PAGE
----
Boston-Power’s Battery Technology to Boost HP PCs

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Boston-Power, a Massachusetts advanced battery company, makes lithium-ion batteries that charge faster and last longer than conventional lithium-ion batteries. 

Last month, Boston-Power announced that Hewlett-Packard (HP) would be its first customer and would offer its Sonata battery as an upgrade option in select HP notebook PCs in early 2009.  (see the greentechmedia piece here and the New York Times article here)

Boston-Power owns several U.S. patent applications covering its battery technology, including U.S. Application Pub. Nos. 2008/0008928 (‘928 application) and 2008/0008933 (‘933 application).

Conventional lithium-ion batteries have a cathode (an electrode that circulates electrons) made of lithium cobalt.  The ‘933 application is directed to a blend of two or more different types of cathode materials in the positive electrode which enables manufacturing of larger cells than conventional lithium-ion batteries that use lithium cobalt alone. 

According to the ‘933 application, increasing capacity through these larger cells is a better solution than increasing the number of cells, which raises the probability of over-charge or over-discharge.

The ‘928 application is directed to a battery integrated with a current interrupt device (CID).  When lithium-ion batteries are improperly charged, exposed to high temperatures, or are short circuited, they may produce gas, and the pressure increase can be dangerous. 

CIDs protect against excessive internal pressure increases in batteries by interrupting the current path when pressure increases.  However, according to the ‘928 application, CIDs incorporated within batteries take a lot of space and limit battery capacity.

The invention of the ‘928 application is a battery in which at least a portion of the CID (28) may be located external to the battery can (21) because the CID is in electrical communication with the battery can.  Specifically, at least one of the cell casing (22) and the lid (24) of the battery can (21) are in electrical communication with the second electrode (14) of the battery (10) through the CID (28).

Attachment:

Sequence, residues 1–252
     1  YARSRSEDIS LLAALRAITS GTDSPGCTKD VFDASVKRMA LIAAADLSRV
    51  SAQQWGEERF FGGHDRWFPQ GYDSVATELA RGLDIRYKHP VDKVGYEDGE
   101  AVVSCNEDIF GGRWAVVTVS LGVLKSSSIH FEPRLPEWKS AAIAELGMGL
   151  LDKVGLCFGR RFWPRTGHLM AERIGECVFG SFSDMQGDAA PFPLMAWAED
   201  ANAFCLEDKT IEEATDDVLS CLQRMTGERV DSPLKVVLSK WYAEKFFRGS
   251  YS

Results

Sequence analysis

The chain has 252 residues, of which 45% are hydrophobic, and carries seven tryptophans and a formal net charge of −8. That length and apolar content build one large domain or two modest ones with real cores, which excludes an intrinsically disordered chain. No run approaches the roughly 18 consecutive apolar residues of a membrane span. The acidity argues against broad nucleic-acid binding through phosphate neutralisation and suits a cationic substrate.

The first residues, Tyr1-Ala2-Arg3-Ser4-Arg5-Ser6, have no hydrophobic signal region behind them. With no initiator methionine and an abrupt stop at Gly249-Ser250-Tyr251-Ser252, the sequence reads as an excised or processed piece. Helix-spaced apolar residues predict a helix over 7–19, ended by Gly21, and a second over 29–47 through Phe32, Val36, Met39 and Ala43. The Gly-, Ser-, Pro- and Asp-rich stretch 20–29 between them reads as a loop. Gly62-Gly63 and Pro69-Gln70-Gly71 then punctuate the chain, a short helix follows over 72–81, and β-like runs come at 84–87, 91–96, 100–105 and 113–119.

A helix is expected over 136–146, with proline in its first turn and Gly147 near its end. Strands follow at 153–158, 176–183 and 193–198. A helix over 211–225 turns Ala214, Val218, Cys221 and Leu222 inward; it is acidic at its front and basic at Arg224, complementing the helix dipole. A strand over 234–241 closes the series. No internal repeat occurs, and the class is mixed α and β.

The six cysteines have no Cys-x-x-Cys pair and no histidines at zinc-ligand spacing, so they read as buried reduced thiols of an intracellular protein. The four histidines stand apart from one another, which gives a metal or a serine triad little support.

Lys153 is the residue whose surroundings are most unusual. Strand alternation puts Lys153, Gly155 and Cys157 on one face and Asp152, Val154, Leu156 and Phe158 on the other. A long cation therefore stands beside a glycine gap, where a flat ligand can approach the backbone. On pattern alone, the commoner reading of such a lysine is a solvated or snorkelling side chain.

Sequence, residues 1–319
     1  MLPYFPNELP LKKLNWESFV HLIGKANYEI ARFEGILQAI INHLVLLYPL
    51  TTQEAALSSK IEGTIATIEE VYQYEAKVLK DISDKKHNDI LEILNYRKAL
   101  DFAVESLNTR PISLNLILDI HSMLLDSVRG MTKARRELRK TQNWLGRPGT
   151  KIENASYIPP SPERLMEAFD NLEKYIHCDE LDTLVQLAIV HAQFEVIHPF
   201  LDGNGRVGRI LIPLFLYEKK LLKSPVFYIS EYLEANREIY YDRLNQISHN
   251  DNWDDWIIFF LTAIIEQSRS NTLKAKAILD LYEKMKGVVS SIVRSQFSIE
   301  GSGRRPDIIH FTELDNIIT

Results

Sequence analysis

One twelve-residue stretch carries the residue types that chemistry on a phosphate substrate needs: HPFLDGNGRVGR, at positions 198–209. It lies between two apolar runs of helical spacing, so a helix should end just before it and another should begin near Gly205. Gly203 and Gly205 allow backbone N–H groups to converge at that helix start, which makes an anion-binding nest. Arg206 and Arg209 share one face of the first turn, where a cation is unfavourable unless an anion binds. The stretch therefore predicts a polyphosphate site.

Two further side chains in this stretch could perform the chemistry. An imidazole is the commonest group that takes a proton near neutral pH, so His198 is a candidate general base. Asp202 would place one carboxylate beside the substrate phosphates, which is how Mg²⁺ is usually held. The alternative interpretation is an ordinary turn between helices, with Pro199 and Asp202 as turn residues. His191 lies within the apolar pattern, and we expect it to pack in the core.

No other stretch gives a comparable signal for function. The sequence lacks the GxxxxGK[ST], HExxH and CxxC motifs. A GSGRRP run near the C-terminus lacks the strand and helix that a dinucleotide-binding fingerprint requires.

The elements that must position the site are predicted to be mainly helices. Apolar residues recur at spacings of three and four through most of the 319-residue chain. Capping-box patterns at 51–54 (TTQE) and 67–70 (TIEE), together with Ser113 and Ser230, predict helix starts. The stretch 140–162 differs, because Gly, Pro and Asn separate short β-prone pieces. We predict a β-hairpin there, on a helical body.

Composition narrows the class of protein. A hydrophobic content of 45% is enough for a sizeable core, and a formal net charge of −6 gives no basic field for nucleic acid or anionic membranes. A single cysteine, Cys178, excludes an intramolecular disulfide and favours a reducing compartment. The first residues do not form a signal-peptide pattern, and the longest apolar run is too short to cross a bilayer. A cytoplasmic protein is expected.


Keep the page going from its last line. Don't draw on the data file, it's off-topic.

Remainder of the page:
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Boston-Power’s technology provides significant advantages over the competition.  According to the greentech media article, Boston-Power’s batteries take a half hour to charge to 80% capacity, instead of 2 hours for an ordinary battery. 

Also, the batteries can last about 1,000 charging cycles (i.e. three years), before the charging capacity becomes substantially diminished, whereas conventional lithium-ion batteries go about 300 cycles or fewer.  As a result, HP will provide a 3-year warranty with the Sonata battery.

Eric Lane Avatar

Eric Lane

Eric Lane, the founder and principal of Green Patent Law, is an intellectual property lawyer and registered U.S. patent attorney in New York and is a member of the bar in New York and California. Eric has more than two decades of experience working with wind, solar PV, CSP, biofuels, and geothermal, energy storage technologies, carbon capture and sequestration, medical devices, data communications, mechanical, chemical, internet and software.